The Good: Interesting premiums, Decent way to get the old set, Usually inexpensive enough
The Bad: Impossible to make a maser set from, Very little that is actually new
The Basics: For those who are just now getting into Young Jedi, start your collection with "Enhanced" "Menace Of Darth Maul," if you can find it cheap!
Young Jedi, one of Decipher's Star Wars CCG games - designed to promote The Phantom Menace - was barely around long enough for it to degenerate into repackaging itself to sell off the old stock. As a result, there were very few releases in the game that were re-released with minor incentives to try to help clear out Decipher's warehouses of the extra stock. No, "Young Jedi" flopped fast and hard.
One of the few products from Young Jedi that was recycled was "Menace Of Darth Maul," the very first set of Young Jedi cards. In addition to appearing initially in three different forms (Starter decks, Booster boxes, and collector's boxes), the product was part of a pathetically simple repack, called "Enhanced" "Menace Of Darth Maul" and later the packs would be stripped and the cards would be used in "Reflections." But as for "Enhanced" "Menace Of Darth Maul," this was a pretty weak repack and very few fans actually bought into it. But for those coming late to the game, this can offer some real value if it is found cheap!
The Enhanced set is comprised of only six cards. Yes, when Decipher repackages, it goes for cheap and easy. Indeed, the Enhanced "Menace Of Darth Maul" is a set made up of only six cards. It is all about the packaging, though. The six exclusive cards were found in what has come to be known as draft decks. This listing is for a box of the draft decks.
A draft deck of Enhanced "Menace Of Darth Maul" consisted of four booster packs of "Menace Of Darth Maul" (reviewed here!) and one of the six premium cards unique to the "Enhanced" set. The front of each draft deck clearly shows the premium card in the box and there are no surprises as a result. The box of draft decks comes with two of each draft deck, so each box has two complete Enhanced sets as well as forty-eight (not thirty, despite what the listing here says - and this product was ONLY released the one way!) factory-sealed "Menace Of Darth Maul" packs.
The Enhanced set is not playable right out of the box. Sadly enough, one would need to buy a starter deck (from any set) just to play the game. This is because the location cards were only in starter decks for the first three sets. As a result, no combination of booster packs or the six enhanced cards will net players the right cards needed to play the Young Jedi game.
Basically, though, "Menace Of Darth Maul" is a trading card game, so one assembles a deck and combats other players who have built decks to take control of a planet in the Star Wars universe. This is the happy medium between role playing and card games. Young Jedi, though, operated on a new mechanic unique to itself, one that was terrifically unpopular at the time and has become no more popular since. The result is that finding people to play with is virtually impossible, making the enduring playability of the game quite low.
As for the Enhanced set, the six cards alone are characters and as a result are not enough to play the game.
There are no rule changes in "Enhanced" "Menace Of Darth Maul." As well, there are no rulebooks. Again, one needs a starter deck to play this game and that does have a rulebook and it is quite clear. The six premium cards in this set are not subject to any different rules than they were when the game was first released.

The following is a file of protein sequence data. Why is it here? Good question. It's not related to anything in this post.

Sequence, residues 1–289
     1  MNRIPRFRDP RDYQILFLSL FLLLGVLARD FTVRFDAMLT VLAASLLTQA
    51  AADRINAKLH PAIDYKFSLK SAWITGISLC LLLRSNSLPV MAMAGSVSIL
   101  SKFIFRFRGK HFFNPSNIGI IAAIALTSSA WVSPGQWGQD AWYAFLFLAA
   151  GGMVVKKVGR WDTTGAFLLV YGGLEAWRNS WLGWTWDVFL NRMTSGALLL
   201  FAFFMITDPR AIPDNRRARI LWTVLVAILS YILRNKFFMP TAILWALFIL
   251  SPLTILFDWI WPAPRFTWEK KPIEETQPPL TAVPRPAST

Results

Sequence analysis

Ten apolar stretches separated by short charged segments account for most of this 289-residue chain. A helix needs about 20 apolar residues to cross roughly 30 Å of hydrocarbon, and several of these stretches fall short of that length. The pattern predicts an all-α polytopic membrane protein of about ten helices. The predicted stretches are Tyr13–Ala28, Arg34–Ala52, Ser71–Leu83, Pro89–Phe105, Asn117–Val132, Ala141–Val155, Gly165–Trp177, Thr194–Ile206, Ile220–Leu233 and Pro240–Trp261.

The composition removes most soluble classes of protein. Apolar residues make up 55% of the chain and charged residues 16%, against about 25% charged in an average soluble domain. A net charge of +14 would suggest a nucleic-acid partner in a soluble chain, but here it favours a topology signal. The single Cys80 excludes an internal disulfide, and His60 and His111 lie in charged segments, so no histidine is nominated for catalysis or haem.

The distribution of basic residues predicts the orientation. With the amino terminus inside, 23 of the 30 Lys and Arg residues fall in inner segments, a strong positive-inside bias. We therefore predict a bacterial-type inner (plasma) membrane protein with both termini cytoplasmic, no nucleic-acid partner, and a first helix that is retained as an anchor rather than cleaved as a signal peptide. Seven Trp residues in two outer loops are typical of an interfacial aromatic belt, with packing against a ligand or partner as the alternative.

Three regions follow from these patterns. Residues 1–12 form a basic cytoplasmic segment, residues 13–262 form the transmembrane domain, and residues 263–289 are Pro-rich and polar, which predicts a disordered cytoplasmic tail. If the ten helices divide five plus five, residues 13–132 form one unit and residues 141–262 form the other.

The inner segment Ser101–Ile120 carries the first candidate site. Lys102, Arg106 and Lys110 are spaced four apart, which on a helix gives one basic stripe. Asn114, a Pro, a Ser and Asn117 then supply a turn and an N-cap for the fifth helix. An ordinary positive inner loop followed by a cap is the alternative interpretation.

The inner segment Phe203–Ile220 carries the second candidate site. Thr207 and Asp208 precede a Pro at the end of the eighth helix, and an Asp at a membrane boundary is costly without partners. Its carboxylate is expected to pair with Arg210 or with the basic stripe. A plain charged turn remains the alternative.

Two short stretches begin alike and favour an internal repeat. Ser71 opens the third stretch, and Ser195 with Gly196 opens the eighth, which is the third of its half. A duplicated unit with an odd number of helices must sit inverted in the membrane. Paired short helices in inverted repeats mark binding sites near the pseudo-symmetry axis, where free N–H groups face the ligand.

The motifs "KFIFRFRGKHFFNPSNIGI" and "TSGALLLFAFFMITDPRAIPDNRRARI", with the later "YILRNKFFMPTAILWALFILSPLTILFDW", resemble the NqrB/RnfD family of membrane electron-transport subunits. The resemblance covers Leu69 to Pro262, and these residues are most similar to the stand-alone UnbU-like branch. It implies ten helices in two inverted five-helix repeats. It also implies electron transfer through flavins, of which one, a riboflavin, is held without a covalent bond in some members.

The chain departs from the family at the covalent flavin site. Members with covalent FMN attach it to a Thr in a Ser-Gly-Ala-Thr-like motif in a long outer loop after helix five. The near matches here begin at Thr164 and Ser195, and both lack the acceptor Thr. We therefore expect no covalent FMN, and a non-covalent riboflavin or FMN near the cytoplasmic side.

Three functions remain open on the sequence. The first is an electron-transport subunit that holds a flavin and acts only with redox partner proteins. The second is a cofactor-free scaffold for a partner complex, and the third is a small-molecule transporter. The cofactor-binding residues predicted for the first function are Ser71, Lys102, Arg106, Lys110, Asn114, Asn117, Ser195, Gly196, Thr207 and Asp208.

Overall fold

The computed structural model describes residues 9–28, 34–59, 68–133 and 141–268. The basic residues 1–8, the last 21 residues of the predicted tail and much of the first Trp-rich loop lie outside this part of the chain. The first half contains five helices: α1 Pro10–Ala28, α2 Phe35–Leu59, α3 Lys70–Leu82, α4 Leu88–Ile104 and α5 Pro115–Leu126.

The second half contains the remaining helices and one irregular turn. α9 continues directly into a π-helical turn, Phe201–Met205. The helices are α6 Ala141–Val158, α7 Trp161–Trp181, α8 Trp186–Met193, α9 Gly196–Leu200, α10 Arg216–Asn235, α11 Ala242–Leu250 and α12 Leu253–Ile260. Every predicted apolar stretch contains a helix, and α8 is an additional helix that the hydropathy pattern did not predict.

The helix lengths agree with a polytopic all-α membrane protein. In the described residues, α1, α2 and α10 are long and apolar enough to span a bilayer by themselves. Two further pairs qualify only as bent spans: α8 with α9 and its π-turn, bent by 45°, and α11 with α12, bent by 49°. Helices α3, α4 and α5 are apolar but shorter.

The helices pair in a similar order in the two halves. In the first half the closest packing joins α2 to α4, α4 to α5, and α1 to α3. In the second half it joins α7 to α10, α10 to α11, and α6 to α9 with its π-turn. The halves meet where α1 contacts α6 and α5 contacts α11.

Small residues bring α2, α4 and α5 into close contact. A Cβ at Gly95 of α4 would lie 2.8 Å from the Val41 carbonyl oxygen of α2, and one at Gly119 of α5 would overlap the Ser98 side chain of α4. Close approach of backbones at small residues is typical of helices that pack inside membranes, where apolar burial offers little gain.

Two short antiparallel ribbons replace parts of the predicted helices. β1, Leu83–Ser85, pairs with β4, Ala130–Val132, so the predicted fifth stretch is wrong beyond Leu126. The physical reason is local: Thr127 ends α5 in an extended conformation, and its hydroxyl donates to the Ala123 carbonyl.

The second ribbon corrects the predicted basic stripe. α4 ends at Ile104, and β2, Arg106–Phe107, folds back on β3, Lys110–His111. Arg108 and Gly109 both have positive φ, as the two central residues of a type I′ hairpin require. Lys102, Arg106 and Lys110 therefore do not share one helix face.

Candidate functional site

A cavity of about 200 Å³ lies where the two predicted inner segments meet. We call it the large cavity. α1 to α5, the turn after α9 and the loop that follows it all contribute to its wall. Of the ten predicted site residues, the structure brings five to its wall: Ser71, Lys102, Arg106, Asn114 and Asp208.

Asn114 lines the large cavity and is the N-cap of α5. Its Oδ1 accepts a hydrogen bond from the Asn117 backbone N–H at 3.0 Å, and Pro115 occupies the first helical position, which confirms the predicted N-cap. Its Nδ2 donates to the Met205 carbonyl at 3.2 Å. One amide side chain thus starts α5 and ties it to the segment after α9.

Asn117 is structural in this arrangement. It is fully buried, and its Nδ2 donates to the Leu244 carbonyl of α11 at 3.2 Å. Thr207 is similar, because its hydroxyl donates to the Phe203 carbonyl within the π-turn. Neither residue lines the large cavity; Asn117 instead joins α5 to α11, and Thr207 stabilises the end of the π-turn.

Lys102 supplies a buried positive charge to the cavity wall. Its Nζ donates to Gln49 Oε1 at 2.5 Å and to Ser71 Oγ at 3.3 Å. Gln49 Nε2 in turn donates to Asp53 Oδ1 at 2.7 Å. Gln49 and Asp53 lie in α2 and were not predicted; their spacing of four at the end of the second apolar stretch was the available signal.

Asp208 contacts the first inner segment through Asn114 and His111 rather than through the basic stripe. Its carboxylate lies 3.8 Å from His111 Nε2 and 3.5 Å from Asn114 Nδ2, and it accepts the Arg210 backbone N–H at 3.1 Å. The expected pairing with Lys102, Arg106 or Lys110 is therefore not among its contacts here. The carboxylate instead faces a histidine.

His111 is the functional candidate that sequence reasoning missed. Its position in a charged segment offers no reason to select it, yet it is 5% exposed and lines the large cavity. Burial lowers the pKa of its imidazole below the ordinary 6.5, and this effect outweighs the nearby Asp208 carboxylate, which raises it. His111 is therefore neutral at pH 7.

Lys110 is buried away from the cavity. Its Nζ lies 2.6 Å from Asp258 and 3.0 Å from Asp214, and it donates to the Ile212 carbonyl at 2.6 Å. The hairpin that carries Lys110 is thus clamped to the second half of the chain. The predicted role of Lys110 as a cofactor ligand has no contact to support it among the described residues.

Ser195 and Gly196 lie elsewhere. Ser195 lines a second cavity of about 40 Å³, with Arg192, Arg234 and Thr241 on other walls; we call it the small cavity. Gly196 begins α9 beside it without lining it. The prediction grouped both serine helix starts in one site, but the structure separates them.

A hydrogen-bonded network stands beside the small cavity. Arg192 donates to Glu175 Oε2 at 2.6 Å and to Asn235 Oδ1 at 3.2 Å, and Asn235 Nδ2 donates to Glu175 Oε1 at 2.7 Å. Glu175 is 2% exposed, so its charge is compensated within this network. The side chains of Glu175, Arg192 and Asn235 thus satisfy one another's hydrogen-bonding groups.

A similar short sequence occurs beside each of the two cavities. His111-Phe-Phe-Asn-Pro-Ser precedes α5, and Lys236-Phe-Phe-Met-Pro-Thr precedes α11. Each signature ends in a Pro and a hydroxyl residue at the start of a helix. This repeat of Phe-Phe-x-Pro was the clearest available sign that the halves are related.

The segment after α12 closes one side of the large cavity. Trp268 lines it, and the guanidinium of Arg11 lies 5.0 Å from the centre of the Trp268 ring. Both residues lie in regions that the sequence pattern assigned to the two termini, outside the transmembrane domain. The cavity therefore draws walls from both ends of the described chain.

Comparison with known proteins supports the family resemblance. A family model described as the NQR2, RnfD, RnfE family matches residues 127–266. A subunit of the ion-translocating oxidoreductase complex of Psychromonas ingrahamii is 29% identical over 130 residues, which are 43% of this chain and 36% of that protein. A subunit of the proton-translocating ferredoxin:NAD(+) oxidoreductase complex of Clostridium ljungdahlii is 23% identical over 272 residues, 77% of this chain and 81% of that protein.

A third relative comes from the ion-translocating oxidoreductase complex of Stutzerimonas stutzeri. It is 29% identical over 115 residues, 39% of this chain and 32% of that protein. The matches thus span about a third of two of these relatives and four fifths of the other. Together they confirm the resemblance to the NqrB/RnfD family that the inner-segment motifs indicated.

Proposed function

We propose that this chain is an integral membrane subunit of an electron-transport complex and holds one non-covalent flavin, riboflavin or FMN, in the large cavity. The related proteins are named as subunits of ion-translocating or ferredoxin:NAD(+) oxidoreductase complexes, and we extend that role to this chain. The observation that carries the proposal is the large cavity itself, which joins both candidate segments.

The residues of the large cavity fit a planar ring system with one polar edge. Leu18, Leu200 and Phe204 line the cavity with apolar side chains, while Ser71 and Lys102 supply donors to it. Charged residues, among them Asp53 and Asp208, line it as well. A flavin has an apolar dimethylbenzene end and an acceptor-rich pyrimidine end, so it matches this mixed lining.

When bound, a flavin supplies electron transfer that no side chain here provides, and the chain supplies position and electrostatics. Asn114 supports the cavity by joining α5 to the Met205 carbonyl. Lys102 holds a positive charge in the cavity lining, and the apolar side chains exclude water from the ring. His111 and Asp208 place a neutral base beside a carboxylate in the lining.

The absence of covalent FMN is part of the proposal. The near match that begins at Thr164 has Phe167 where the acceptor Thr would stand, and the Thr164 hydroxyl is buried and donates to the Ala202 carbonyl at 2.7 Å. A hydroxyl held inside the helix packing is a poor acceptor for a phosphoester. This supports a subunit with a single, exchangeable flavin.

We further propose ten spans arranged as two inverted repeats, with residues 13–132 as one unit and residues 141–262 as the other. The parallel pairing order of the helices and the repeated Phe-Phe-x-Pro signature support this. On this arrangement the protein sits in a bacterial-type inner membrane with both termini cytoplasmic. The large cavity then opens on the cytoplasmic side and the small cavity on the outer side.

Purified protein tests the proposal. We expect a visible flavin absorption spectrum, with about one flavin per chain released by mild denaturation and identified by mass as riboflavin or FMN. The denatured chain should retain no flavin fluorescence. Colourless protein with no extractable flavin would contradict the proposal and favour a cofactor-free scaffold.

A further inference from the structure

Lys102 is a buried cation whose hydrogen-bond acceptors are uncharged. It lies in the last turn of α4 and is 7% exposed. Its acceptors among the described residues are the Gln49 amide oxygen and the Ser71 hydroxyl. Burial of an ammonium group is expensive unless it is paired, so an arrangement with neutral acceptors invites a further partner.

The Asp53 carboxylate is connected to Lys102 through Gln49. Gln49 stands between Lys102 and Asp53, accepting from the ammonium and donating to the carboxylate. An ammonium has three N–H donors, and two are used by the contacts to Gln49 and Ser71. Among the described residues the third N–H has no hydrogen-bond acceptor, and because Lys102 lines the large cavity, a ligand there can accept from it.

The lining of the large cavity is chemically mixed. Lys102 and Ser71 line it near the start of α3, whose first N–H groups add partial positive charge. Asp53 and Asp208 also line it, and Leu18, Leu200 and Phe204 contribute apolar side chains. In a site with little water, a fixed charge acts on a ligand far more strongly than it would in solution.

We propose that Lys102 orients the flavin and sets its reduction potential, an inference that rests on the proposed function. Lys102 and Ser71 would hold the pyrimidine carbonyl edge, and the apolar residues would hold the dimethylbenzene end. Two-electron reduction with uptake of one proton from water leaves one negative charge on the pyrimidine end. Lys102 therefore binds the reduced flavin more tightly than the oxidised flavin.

The set of six Enhanced cards is remarkably simple, with three light side characters and three dark side characters. Fans of the series will be happy to see Qui-Gon Jinn, Amidala and Mace Windu are given premium status and those who like trying to defeat them will find it easier with the new Sebulba or Trade Federation Tank.
The highlight of the enhanced set has to be Darth Maul himself. P4 Darth Maul, Sith Assassin, can travel to any planet, has a power of 6 (which makes him rival to the most powerful Jedi) and a damage of 5. As well, he has a damage modifier when playing this particular Maul with "Darth Maul's Lightsaber." This makes the card especially wicked and well worth the effort of finding it! As well, the image of Maul with his double-sided lightsaber ignited is just a very cool shot!
Collectibility in this case is a real mixed bag. The six premium cards are easy enough to find, but there are so few collectors who are still collecting them that it makes it a pretty tough call to advise people to buy. This is another case where serious collectors end up with a lot of stuff they already have (from the packs of cards) just in order to get the new premiums.
That said, the new cards are of popular characters and items that make collectors want to keep getting them. The ideal here is actually people who are getting into the game now. I've found boxes of the Enhanced "Menace Of Darth Maul" for $7.00. At that price, it is hard not to get into buying them and sell off one of the Enhanced sets and the unopened packs for more than I paid initially! Despite the lack of popularity of the game, the Enhanced singles alone still sell and bring in decent amounts. This can be a good investment set.
Enhanced "Menace Of Darth Maul" is a real crapshoot, but there is enough value and the premium cards are powerful enough to recommend the boxes to those just getting into the game, if not those who already have the original release.
This set utilizes images from Star Wars The Phantom Menace reviewed here!
"Enhanced Menace Of Darth Maul" was squeezed in between "Battle Of Naboo" (reviewed here!) and "Duel Of The Fates" (reviewed here!).
For other card reviews, please visit my index page by clicking here!
© 2011, 2009 W.L. Swarts. May not be reprinted without permission.
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